06/11/2012 02:36 pm ET Updated Dec 06, 2017

Sprout Home Plant Of The Week: Water Lettuce

Often times we think plants for our outdoor gardens need to be planted in soil. But I'm here to say: Ditch the dirt! There are some wonderful options that just simply require a container of water, such as Pistia Stratiotes, more commonly known as water lettuce. This is not a lettuce that you would eat, but instead a water plant that adds a little diversity to your outdoor plantings. Usually found in Florida, water lettuce can actually cause havoc on local streams and rivers in mass quantities as it latches together to form a thick mat, preventing boats from passing through. Although, in controlled smaller spaces, it's an intriguing specimen that most are unfamiliar with. Water lettuce might look like typical lettuce leaves, but upon closer inspection they have no stalk and the leaves have a fuzzy low pile on their surface that you kind of want to pet. Most visually intriguing about the water lettuce is its fine feathery roots and offshoot "pups" that it grows, creating a network of pond buddies.

Flickr photo by udariza

Water lettuce is tolerant of part shade but prefers full sun to look its best. If you purchase very young plants, acclimate them to the full sun so that their younger leaves do not get bleached out. They are easy to water since you can visually inspect when water is low without having to guess. Water lettuce is a perennial that will only tolerate temperatures down to 59 degrees Fahrenheit, so enjoy it while you can. They can be used in conjunction with fish, just make sure that there is plenty of exposed water surface as they block much of the air supply that the fish require. Prune off any yellowing leaves to keep them in top shape but be gentle as to not damage the root system.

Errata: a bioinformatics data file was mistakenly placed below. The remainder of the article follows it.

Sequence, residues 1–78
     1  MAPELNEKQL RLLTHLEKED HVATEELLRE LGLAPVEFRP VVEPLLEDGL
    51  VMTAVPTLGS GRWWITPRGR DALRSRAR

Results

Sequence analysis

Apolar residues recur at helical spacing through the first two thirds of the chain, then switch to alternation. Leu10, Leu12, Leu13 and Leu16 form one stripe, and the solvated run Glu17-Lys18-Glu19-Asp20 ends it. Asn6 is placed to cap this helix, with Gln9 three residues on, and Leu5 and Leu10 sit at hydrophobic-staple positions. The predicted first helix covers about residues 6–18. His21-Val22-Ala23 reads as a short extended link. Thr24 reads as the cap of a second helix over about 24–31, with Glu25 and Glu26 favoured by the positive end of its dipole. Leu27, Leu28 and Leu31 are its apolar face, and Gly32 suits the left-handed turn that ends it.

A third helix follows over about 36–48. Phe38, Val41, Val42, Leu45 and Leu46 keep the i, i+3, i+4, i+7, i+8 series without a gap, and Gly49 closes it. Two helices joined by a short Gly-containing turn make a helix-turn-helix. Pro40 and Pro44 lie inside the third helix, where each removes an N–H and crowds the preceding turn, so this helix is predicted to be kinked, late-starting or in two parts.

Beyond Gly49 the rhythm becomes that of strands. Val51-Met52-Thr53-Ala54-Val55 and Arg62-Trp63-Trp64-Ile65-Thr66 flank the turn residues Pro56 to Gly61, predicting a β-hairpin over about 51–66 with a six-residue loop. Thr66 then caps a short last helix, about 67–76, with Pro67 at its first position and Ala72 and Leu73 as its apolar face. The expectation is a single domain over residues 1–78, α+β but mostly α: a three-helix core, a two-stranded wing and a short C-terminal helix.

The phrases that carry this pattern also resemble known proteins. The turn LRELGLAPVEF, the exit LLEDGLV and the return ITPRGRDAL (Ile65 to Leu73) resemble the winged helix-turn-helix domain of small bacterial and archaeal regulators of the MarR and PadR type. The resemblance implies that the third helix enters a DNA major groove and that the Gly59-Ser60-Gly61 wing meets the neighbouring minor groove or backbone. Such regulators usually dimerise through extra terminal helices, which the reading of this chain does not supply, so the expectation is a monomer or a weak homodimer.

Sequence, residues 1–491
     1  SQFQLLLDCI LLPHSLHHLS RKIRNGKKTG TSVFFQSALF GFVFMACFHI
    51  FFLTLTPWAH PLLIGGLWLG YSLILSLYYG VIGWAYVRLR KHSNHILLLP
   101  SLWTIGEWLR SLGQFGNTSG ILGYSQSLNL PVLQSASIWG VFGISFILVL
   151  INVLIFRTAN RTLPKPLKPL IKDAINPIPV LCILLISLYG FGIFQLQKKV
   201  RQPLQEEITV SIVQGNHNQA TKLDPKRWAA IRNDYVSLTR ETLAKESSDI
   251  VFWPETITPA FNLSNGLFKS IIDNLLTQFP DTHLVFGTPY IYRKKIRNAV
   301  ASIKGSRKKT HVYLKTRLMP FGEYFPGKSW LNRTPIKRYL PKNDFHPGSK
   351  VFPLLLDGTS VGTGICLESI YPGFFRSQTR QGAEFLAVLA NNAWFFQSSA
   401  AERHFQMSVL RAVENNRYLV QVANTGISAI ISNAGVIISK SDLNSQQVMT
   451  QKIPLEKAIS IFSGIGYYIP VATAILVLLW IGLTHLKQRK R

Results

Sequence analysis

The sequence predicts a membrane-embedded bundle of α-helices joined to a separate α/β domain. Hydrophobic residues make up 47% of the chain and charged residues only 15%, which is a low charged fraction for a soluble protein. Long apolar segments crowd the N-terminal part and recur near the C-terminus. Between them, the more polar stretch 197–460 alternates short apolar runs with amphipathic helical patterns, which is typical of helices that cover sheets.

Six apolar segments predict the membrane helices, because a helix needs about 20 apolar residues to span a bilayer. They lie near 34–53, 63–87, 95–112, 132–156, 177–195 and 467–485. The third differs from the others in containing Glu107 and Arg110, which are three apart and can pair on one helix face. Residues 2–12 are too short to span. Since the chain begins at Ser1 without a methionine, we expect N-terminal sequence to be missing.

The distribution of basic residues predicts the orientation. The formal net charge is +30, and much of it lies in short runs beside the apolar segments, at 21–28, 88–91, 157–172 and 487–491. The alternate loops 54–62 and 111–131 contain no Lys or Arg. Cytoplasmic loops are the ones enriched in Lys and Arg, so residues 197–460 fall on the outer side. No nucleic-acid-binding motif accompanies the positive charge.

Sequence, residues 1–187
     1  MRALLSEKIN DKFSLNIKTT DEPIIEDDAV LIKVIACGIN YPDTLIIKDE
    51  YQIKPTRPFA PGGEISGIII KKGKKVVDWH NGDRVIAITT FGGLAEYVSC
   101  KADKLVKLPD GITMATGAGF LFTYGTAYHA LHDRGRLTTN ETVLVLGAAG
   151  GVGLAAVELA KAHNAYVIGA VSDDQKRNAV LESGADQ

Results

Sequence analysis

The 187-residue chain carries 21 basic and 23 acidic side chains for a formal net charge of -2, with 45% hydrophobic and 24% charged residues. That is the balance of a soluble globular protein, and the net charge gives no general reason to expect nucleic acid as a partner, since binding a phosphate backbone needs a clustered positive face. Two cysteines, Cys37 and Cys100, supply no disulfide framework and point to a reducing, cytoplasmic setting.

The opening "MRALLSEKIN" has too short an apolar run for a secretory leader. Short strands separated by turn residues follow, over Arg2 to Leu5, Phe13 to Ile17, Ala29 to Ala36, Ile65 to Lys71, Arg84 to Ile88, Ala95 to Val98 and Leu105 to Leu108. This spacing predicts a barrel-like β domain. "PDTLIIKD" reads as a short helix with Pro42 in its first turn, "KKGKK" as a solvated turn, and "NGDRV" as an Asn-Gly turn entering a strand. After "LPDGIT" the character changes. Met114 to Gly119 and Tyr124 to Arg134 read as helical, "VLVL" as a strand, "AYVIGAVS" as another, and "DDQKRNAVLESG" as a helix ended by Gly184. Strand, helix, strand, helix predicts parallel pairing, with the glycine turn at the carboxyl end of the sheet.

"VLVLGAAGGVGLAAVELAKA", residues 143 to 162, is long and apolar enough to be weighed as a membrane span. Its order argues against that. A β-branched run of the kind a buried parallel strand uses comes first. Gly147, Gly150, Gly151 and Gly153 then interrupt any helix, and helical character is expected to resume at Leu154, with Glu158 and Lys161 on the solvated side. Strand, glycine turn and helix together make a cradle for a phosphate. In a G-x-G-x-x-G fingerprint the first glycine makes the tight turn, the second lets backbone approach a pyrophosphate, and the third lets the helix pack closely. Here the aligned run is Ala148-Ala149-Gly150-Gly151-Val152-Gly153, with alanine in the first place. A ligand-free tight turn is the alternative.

These funny floating plants are perfect to spruce up an outdoor space and add that hint of something special that will set you apart from all the other decks on your block. If you do not have a big enough space to have a built-in pond, try them in a larger clear container so that your guests can ogle over the intricate root structure. Take a look for them at your local garden center, or you can even find them online ready to ship to your doorstep. Sometimes you just have to think outside the box, or in this case bag (of potting mix), and try a water plant to mix things up.